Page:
In the world of dividend investing, proponents often find themselves divided into two distinct camps.
On one side of the spectrum are the “high yield” enthusiasts — individuals who are drawn to stocks currently dishing out above-average dividends. They cherish the immediate gratification of a robust income stream and often prioritize present yield over future potential.
On the opposite end are the “‘growth” aficionados. These investors have a more forward-looking approach, zeroing in on companies that may not pay the highest dividends now but have showcased a knack for consistently growing dividends at a rate that’s better than most.
So, amid these two approaches, which reigns supreme? The honest answer is, it depends. Investing strategies are rarely one size fits all, and the ideal choice often aligns with individual financial goals, risk tolerance, and investment horizons.
To bring clarity to this debate, let’s delve into a comparative illustration using two exchange-traded funds (ETFs): one that champions high yield and another that champions dividend growth.
A tale of two ETFs
We’re pitting iShares S&P/TSX Composite High Dividend Index ETF (TSX:XEI) against iShares S&P/TSX Canadian Dividend Aristocrats Index ETF (TSX:CDZ).
XEI’s index is fairly straightforward: it screens for Canadian stocks that are currently paying above-average dividend yields. However, CDZ only holds Canadian stocks that have increased dividends for at least five consecutive years.
As of October 5, 2023, XEI is paying a 12-month trailing yield of 5.57%, while CDZ lags it at 4.40%.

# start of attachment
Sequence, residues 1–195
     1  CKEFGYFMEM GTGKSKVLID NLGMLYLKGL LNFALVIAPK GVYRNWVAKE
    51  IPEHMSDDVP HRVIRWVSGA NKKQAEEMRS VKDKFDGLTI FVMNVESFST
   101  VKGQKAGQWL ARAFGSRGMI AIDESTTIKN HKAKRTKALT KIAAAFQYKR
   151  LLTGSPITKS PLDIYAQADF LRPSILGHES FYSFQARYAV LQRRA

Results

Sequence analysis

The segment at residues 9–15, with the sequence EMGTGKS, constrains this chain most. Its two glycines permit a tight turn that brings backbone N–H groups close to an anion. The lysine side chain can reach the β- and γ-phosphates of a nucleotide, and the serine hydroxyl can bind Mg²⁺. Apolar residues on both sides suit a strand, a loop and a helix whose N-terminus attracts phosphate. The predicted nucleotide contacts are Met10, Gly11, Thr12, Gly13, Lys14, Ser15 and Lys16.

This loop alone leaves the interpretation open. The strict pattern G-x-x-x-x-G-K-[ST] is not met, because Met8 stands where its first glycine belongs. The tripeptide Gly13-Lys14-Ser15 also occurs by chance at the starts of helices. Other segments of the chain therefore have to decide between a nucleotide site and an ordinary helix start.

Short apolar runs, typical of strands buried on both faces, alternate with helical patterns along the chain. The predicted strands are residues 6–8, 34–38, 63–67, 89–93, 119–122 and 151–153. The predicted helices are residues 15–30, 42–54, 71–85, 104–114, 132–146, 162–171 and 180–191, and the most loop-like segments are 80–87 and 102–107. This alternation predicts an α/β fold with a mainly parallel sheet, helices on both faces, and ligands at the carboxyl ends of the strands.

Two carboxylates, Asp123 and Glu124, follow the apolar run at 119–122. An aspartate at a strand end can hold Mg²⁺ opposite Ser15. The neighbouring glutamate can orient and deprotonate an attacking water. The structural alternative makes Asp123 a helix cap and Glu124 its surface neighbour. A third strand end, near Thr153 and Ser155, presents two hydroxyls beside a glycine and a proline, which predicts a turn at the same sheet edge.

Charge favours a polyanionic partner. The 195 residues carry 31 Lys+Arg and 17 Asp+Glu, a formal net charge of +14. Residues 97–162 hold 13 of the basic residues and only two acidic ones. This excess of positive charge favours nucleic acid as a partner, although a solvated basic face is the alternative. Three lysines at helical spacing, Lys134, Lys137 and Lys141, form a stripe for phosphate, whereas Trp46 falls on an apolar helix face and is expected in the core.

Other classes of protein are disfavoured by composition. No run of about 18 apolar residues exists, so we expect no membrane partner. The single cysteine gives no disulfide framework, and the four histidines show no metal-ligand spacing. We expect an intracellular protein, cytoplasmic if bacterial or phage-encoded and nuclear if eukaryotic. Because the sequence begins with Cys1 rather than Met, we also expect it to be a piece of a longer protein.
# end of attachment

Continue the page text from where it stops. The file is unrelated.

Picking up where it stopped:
However, in terms of their historical performance from 2013 to September 30, 2023, both ETFs are neck and neck, with XEI returning 6.57% with dividends reinvested perfectly, while CDZ returned 6.22%.
However, keep in mind that CDZ’s higher expense ratio of 0.66% likely ate into its returns significantly, compared to XEI, which charges 0.22%.
The devil is in the details
By looking at both ETFs’ annual returns per year, we can see that they don’t always perform the same. Sometimes XEI shines, while other times, CDZ pulls ahead.
Therefore, investors can get the best of both worlds by splitting it 50/50. By doing so, you won’t miss out on the potential of either high-yielding dividend stocks or dividend growth stocks. Choosing between XEI and CDZ doesn’t have to be a one-or-the-other approach.
For further diversification, consider augmenting a high dividend yield or dividend growth strategy with some growth stocks (and the Fool has some great suggestions down below).